Liberals Look To Delay Leadership Vote
OTTAWA - Federal Liberals will be asked to postpone electing a new leader for 18 to 22 months.
Under the party's constitution, a vote should take place by late October to choose a successor to Michael Ignatieff, who resigned after leading the once-mighty party to a historic defeat on May 2.
But the party's board of directors has unanimously finalized a plan to get around that constitutional requirement.
The party will stage a special virtual convention on June 18, at which delegates will be asked to amend the constitution.
The proposed amendment calls for a new leader to be chosen sometime between Nov. 1, 2012, and Feb. 28, 2013.
The precise date would be set five months in advance by the board, in consultation with the Liberals' parliamentary caucus and riding presidents.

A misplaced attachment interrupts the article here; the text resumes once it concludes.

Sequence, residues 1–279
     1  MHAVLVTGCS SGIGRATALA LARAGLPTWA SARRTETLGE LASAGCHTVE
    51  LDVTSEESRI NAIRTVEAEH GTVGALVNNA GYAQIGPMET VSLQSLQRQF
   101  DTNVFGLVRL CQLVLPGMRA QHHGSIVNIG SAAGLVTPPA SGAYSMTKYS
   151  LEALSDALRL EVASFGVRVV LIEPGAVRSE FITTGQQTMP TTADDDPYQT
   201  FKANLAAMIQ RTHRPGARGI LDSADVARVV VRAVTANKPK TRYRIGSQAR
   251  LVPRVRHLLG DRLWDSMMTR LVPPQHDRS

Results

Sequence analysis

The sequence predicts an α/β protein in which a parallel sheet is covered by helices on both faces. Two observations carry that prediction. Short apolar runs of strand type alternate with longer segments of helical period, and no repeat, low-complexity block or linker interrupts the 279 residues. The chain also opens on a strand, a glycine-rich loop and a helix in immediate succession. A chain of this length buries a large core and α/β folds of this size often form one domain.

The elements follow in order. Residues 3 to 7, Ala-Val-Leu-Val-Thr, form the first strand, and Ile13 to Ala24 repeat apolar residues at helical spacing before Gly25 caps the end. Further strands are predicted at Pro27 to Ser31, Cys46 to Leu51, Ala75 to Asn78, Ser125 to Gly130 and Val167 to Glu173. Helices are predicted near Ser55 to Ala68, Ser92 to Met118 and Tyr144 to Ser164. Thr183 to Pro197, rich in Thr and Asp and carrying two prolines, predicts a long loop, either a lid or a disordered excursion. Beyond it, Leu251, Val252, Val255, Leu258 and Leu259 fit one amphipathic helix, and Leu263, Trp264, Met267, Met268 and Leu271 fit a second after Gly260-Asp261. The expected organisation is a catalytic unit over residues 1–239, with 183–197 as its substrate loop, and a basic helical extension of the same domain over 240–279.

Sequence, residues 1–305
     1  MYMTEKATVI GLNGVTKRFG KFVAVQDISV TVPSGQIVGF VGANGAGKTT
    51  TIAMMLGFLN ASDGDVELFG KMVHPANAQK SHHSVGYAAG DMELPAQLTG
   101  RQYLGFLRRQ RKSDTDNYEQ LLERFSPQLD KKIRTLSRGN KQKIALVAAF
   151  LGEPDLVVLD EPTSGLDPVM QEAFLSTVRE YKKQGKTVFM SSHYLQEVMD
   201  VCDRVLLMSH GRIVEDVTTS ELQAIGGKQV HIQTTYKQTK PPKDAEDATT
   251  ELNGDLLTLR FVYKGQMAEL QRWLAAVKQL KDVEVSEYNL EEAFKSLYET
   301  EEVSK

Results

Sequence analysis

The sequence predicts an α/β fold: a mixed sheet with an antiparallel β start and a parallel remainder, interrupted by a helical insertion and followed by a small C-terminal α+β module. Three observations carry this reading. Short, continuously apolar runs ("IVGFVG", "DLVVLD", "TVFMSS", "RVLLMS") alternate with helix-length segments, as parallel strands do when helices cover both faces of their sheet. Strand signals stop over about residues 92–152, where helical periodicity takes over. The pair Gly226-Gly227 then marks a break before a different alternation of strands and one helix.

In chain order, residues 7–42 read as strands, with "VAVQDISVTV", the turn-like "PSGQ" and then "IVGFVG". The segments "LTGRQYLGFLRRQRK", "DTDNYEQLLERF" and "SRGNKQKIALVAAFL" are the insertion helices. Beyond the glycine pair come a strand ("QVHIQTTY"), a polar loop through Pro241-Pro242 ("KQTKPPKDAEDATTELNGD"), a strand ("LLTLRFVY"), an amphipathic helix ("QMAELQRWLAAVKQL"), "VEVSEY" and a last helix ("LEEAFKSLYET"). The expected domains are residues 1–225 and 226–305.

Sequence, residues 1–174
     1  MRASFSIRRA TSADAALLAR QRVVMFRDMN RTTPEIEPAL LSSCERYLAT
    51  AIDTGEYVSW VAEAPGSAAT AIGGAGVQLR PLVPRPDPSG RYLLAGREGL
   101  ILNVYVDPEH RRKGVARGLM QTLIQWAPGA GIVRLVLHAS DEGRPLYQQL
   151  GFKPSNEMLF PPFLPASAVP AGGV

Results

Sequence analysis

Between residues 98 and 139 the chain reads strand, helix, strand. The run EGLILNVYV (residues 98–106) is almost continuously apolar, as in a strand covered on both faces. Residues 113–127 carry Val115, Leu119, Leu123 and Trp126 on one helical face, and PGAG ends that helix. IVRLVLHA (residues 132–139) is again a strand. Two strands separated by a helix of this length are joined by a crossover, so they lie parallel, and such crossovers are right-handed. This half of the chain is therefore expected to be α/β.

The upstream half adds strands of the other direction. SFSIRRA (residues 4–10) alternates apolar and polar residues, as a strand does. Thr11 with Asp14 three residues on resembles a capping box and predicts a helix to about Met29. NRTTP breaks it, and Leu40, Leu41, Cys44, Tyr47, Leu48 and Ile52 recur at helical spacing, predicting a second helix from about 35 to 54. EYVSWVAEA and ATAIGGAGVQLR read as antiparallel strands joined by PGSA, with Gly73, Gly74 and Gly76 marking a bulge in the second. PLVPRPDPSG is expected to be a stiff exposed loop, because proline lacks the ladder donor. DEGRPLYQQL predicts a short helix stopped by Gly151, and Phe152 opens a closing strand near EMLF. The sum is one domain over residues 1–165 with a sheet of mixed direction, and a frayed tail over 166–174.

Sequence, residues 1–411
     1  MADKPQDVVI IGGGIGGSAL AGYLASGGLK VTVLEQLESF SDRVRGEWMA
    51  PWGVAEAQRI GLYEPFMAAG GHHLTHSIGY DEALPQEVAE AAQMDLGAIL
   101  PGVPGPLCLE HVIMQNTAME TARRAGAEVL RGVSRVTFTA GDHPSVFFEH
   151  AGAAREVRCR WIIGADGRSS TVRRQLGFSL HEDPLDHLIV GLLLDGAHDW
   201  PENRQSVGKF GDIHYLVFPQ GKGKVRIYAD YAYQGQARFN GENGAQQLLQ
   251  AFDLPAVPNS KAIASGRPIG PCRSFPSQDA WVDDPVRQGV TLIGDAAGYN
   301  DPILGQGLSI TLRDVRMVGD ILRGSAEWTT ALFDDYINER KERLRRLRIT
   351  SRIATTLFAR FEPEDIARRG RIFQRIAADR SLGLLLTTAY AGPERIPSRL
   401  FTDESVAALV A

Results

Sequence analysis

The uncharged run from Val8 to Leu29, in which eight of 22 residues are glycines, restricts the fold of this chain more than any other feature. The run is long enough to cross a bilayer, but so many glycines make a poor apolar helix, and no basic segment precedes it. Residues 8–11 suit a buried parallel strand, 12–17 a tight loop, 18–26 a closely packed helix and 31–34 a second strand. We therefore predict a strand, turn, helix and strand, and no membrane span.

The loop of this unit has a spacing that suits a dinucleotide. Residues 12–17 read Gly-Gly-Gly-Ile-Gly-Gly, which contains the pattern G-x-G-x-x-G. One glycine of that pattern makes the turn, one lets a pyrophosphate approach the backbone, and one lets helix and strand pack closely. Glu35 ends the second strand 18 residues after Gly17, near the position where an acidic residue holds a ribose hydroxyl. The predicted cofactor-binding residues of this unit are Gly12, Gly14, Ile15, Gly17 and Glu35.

If approved by two-thirds of the delegates, the amendment would give shell-shocked Liberals at least one full year to rebuild before plunging into a leadership contest.
Party president Alf Apps says rules will be issued to ensure prospective leadership candidates don't start actively campaigning or fundraising before the official starting gun goes off.
The Liberal caucus is to meet Wednesday to recommend an interim leader.
Toronto MP Bob Rae is widely thought to be a shoo-in for the temporary post. The former Ontario NDP premier announced Thursday that he's giving up his longterm leadership ambitions in order to stand for interim leader -- a condition laid down by the party's board.
Delegates to the June special convention will also be asked to postpone the party's next biennial policy convention, which is supposed to be held by the end of the year, to Jan. 13-15.
The party was reduced to a rump of 34 seats in the May 2 election, falling to third place behind the NDP. Ignatieff lost his own seat in the bloodbath.
It was also unanimously endorsed by provincial and territorial wings of the party and the caucus leadership.
The Canadian Press.